The Eight Hundred
Yi Zhang, Chen Yao, Augusta Xu-Holland, Haoming Yu
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This is a war epic and as soaked in blood and guts as the early parts of Saving Private Ryan and carrying similar messages in a way. War is hell, men show extreme bravery under fire and the whole effort, when looked at from a different angle seems tragic, wasteful and sad.
The Chinese film industry continues to grow, and China now has deep pockets, actually very deep pockets. This sprawling war epic is certainly testament to that. Apparently for one sequence alone, the production built about seventy buildings. It took years and years to make. And then there are the extras; even if they double up as either civilians or soldiers there are, er, legions of them. And they are not CGI holograms either.
The film tells the story of a crucial battle that took place in 1937, where about eight hundred soldiers held off the invading Japanese army. In particular, they hunkered down in a semi-ruined warehouse in Shanghai to which the invading forces laid siege. Just across the river from this warehouse, Westerners and non-combatants were quarantined and were able to watch the fierce fight unfold. This gives director Guan Hu (Mr Six) the chance to make an ‘audience’ comment on the tactics and the state of the battle for our benefit.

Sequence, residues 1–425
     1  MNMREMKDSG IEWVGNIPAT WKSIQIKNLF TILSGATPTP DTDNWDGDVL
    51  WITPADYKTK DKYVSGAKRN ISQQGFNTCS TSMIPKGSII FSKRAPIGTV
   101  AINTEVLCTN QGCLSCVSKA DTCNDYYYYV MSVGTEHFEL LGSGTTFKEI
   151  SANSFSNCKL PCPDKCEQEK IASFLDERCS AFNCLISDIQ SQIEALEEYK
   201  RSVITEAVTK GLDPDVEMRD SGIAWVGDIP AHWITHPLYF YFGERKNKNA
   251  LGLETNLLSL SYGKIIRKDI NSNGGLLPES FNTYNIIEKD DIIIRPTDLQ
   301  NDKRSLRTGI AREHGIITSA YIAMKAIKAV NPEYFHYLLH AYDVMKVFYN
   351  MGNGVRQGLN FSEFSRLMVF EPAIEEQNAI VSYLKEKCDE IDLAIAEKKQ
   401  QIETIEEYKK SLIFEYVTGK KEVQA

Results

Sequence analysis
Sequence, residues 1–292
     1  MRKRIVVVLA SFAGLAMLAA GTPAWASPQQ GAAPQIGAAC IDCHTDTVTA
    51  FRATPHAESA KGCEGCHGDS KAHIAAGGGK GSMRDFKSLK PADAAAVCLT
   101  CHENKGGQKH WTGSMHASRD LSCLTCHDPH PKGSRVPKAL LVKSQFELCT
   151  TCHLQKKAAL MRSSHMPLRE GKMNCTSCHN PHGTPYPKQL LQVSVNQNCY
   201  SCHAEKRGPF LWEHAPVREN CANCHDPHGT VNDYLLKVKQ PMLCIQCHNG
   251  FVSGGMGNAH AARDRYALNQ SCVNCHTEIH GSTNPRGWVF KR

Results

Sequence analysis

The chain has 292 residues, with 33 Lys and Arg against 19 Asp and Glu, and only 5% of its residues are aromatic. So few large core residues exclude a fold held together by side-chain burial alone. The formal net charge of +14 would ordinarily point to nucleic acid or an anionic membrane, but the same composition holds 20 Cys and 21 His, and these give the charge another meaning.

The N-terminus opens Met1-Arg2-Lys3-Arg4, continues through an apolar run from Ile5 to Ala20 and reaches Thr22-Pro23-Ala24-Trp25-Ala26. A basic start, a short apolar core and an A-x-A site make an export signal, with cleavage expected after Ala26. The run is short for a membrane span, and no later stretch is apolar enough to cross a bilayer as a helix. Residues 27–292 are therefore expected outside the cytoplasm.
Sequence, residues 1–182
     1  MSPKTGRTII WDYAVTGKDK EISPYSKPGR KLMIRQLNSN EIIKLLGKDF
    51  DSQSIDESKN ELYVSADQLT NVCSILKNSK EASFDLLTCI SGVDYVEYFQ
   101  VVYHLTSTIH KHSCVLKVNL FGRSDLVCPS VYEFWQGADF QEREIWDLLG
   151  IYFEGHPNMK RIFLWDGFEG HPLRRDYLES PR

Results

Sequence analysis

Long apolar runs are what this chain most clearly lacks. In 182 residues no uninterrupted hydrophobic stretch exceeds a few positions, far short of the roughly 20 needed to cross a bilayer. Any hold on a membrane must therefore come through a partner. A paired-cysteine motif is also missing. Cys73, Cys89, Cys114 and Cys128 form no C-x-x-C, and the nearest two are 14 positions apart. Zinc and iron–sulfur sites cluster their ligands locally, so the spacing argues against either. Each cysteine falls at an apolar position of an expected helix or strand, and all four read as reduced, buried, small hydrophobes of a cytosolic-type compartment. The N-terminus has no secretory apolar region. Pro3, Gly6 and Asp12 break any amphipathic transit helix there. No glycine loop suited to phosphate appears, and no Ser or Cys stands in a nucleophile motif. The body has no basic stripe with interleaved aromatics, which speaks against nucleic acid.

It also gives us, the shell-shocked viewer, some relief from the twenty-minute furious and loud battle scenes. As with many a war film, we have the trope of a few plucky heroes who we can pick out and follow during the chaos onscreen. They each have their little visual quirk – one has a cigar in his mouth all the time, another has a bandage tied around the middle of his face and so on. The actual character development does not go much deeper than that but, then again, it is not supposed to. This little band of brothers is emblematic of the thousands of unknown soldiers that fight alongside them.
There is always the problem with this genre of being a sort of advert for militarism. As with Western war films it is hard to celebrate heroism without spruiking patriotism. After all, wars like this pitch nation against nation. In fact, The Eight Hundred ran into some difficulties owing to its portrayal of Japanese fanaticism. Given the still not-fully-healed sore between China and Japan over aspects of the Second World War this is perhaps unsurprising.
Also, it is now obvious to all and sundry today that China is on the rise (if not on the march) and so one could expect elements of bellicose patriotism to creep in. One particular sequence, where soldiers struggle to raise the Chinese flag in the face of Japanese aircraft fire, shows the film at its most hokey. This is a war epic and as soaked in blood and guts as the early parts of Saving Private Ryan and carrying similar messages in a way. War is hell, men show extreme bravery under fire and the whole effort, when looked at from a different angle seems tragic, wasteful and sad. Guan Hu is perfectly well aware of that irony too. So, if you can withstand the 147 minutes bombardment and keep your perspective, you might even have got what you signed up for.